• If a text does not have a known author, arrange that citation in alphabetical order according to the first word of the article or book title.
  3. Cite a book. The basic format for a book citation includes the author’s name, the title of the book, the publication information for that book, and the medium of publication.
    • Write the author’s name in LastName, Firstname” format. Follow with a period.
    • Italicize the book title and capitalize the first letter of each word. Follow with a period.
    • Write the city of publication followed by a colon, and include the publisher’s name after that. Follow this with a comma and the year of publication. End with a period.
    • Type the medium of publication, “Print” or “eBook,” at the end. Finish with a period.
    • For example, your book citation should look like similar to this: Ash, Beth Sharon. Writing in between: Modernity and Psychosocial Dilemma in the Novels of Joseph Conrad. 1st ed. New York: St. Martin’s Press, 1999.
  4. Cite a journal article. A standard journal article includes the author’s name, title of the article, title of the journal, issue information, and medium of publication.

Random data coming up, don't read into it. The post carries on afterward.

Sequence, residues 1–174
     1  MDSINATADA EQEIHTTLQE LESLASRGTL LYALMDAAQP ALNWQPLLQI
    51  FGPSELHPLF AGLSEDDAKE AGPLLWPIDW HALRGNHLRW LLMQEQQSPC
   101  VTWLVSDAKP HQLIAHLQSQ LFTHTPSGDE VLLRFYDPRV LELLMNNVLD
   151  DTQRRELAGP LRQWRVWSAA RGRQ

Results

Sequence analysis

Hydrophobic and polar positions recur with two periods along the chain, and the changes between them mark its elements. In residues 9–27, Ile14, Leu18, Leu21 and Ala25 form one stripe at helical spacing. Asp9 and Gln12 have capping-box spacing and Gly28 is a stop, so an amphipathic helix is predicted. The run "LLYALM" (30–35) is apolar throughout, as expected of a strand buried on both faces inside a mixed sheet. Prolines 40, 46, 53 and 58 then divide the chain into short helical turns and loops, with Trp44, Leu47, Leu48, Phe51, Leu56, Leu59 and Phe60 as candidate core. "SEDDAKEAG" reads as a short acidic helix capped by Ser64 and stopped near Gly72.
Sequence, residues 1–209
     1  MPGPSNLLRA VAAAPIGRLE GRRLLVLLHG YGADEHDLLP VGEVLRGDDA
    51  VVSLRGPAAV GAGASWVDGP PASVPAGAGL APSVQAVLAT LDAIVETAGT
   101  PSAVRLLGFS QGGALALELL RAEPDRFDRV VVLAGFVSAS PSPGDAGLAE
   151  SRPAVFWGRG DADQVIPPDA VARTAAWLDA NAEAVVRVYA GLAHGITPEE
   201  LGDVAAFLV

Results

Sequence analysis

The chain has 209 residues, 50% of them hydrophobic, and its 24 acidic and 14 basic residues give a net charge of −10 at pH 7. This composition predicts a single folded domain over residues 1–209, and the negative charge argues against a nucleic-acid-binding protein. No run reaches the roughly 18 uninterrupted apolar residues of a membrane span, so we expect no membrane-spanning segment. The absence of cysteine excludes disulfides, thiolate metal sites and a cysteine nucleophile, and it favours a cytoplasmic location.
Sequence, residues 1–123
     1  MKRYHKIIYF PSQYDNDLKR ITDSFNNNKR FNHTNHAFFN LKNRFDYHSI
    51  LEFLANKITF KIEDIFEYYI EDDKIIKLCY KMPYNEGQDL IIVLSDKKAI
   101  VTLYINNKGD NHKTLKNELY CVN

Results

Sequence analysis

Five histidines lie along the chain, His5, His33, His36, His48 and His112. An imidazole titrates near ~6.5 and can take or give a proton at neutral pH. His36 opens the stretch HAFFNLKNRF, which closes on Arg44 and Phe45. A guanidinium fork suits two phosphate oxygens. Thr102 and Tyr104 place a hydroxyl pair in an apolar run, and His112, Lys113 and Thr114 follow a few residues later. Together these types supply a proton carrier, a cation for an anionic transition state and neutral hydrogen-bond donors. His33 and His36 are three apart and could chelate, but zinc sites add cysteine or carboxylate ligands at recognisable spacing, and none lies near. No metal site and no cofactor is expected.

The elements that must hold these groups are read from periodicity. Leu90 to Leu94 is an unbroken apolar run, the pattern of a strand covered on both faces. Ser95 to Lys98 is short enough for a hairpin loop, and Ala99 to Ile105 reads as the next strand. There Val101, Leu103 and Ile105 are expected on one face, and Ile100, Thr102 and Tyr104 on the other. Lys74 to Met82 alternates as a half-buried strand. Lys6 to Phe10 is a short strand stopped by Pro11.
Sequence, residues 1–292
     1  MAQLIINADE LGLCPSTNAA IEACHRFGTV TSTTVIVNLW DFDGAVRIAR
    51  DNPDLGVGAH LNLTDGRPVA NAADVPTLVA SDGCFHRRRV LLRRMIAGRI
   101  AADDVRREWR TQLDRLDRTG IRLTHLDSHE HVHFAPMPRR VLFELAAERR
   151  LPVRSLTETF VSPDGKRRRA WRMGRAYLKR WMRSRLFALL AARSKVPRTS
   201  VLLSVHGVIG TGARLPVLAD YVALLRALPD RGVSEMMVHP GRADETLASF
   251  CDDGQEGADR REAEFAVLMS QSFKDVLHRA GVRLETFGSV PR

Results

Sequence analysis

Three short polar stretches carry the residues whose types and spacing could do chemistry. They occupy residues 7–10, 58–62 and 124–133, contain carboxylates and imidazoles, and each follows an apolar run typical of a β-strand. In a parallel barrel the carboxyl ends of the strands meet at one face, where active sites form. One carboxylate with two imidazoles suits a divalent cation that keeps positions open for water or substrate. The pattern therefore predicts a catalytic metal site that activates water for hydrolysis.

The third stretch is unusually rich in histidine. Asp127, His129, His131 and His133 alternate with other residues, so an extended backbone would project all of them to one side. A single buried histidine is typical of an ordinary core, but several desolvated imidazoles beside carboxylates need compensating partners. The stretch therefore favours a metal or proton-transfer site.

• Write the author’s name in LastName, Firstname format. Follow with a period.
    • Include the title of the article in quotation marks and follow with a period. The first letter of each word should be capitalized.
    • Italicize the title of the journal and follow with a period. The first letter of each word should be capitalized.
    • Write the issue number, followed by the year of publication in parentheses. Put a colon after the year and include the page numbers after this. Follow with a period.
    • Finish with the medium of publication and a final period.
    • A finished journal article citation should look similar to this: Aiex, Nola Kortner. “Martins Pena: Parodist.” Luso-Brazilian Review 18.1 (1981): 155–160.


Mla format is widely used to manage works cited or bibliography in the field of arts especially for papers written by students. Usually, mla is also known as Modern Language Association, which is an academic association for facilitating teaching and research in modern foreign languages and literature in North America. This type of format is widely accepted and considered to be one of the easiest ways to write a paper.